In a flimsy plastic photo book with a Freeskier magazine sticker on the front, there's a picture of what might have been the apex of my skiing career. With my ski tips still at the edge of the jump and my head tucked into my knees like a roly-poly, it's not exactly a feat of action-sports photography. But it was my first front flip on skis, and I remember it as clear as the bluebird sky on that powder day.
I was 12 years old when that photo was taken and flying high on the slopes and in my own mind. I was the only one of my friends who could land flips at my hometown's version of Mt. Spokane. At the top of my game and only getting better, I was sure it wouldn't be long before I was doing 1080s and standing atop an X Games podium.
But those fantasies were fleeting. A year later I got to cut down to size at a summer ski camp on Mt. Hood. While other kids spun like tops and flipped at will, I cowered at the sight of the big jumps and had to face my first ski-related reckoning: I clearly wasn't headed for the big time.
Despite the reality check, I continued to improve and push my limits. During my teens and early 20s I flipped step-ups, slid tricky handrails and spun big gaps in search of that fine line between fear and success.
Riding that line helped get me through teenage angst and high school drama. It also offered a temporary refuge from the nonstop action of the modern world and the swirling of an unquiet mind. Like so many of the social media generation, I'm prone to scrolling Twitter and Facebook incessantly. Which, I think, is part of the reason I've sought out these moments of risk that demand full attention and block out the chatter. That, and the fact that sticking a perfect landing trumps any chemically induced high.
But as I get older, a little smarter and a lot sorer, it's time to find peace of mind before I end up in pieces. Which, at least for me, is easier said than done.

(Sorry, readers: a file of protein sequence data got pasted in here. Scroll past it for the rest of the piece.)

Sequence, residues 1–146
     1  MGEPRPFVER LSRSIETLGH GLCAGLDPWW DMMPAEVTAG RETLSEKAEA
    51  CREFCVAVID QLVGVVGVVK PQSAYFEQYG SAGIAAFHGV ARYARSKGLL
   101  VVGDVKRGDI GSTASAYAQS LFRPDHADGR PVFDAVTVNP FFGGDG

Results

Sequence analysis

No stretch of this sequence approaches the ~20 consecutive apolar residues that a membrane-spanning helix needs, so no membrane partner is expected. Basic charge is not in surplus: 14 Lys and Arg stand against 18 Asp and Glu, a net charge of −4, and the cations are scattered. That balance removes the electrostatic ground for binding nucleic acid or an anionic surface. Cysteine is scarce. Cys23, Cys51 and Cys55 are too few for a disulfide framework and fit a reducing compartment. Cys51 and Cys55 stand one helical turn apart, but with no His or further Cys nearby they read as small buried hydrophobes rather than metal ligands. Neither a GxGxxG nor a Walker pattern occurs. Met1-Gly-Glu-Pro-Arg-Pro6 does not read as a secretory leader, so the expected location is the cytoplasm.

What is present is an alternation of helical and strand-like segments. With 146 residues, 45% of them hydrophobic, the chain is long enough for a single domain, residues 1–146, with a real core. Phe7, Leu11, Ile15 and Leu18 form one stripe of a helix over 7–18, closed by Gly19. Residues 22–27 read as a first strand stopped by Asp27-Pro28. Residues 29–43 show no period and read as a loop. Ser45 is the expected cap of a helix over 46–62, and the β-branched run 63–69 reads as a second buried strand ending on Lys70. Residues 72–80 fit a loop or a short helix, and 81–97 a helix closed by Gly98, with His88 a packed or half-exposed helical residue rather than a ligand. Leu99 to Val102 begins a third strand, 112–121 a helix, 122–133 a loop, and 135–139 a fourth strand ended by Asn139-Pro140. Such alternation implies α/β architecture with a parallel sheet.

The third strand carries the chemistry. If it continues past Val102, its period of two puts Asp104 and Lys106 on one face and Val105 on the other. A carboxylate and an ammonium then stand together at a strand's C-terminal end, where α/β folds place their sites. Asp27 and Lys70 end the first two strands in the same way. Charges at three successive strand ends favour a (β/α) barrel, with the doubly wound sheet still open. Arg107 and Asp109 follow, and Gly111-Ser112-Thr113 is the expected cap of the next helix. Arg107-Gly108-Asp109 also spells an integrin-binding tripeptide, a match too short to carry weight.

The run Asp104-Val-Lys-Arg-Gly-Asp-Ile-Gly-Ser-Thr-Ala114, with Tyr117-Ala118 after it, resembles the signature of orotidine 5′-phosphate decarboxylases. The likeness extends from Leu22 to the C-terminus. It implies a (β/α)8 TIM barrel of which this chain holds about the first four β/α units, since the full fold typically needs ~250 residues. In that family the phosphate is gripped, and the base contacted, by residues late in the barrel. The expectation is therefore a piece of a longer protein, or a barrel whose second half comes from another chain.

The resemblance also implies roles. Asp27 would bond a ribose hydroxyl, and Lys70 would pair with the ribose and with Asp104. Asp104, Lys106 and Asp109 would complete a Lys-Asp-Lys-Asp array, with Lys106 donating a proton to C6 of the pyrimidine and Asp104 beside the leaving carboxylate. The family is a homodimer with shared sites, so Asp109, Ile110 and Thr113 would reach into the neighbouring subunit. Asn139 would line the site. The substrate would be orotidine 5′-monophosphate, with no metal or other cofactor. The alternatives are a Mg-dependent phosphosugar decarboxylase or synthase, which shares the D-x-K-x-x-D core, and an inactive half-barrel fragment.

An overcast day a few years ago at Schweitzer sticks out as another moment of on-mountain reckoning. From the chairlift, the jump looked just right. A couple kids cleared it with ease as they gracefully pirouetted from the lip to the landing. So I headed down to the terrain park, watched someone else go ahead to gauge the speed and called my drop.
I don't know if it was a bad wax job or one-too-many speed checks, but I landed short of the target, sending a jolt of pain through my knees. But the pain in my body was overshadowed by the internal struggle of coming to grips with the end of an era. As I got on the chairlift with my wife, I already felt twinges of loss. Knowing that my days as a park rat were behind me.
Over the last few years this feeling of self-pity and self-loathing has dulled. Now, at age 29, with a fully formed cerebral cortex and a few surgically repaired extremities, I'm looking past the park to find new challenges on the mountain.
As I back down from the acute risk of the terrain park, I'm ready to venture into a new part of the skiing world: backcountry skiing. In the backcountry, risks remain and one wrong move can leave you buried under tons of snow. Uncontrolled conditions, hard to get help in places, and the looming threat of avalanches are constant.
Out past the lift lines and ski patrol boundaries, the head games are more suited to maturity than rails and kickers. In the backcountry, safety is less likely to be determined by a split second decision on the right speed to hit a jump or how hard to set a rotation. Beyond resort boundaries it's more about preparation, having the right equipment and knowing how to use it.
While it carries its own set of risks, the backcountry is also a place to find that sense of internal quiet I once found in the terrain park. I can't wait to explore the lesser-trod areas of the Cabinet, Selkirk and Bitterroot Mountains. And I look forward to the isolation and time for reflection that climbing up mountains away from the lift lines and commotion of ski resorts will bring. Stay tuned to the next Snowlander issue (on Jan. 10. 2019) for that particular story. ♦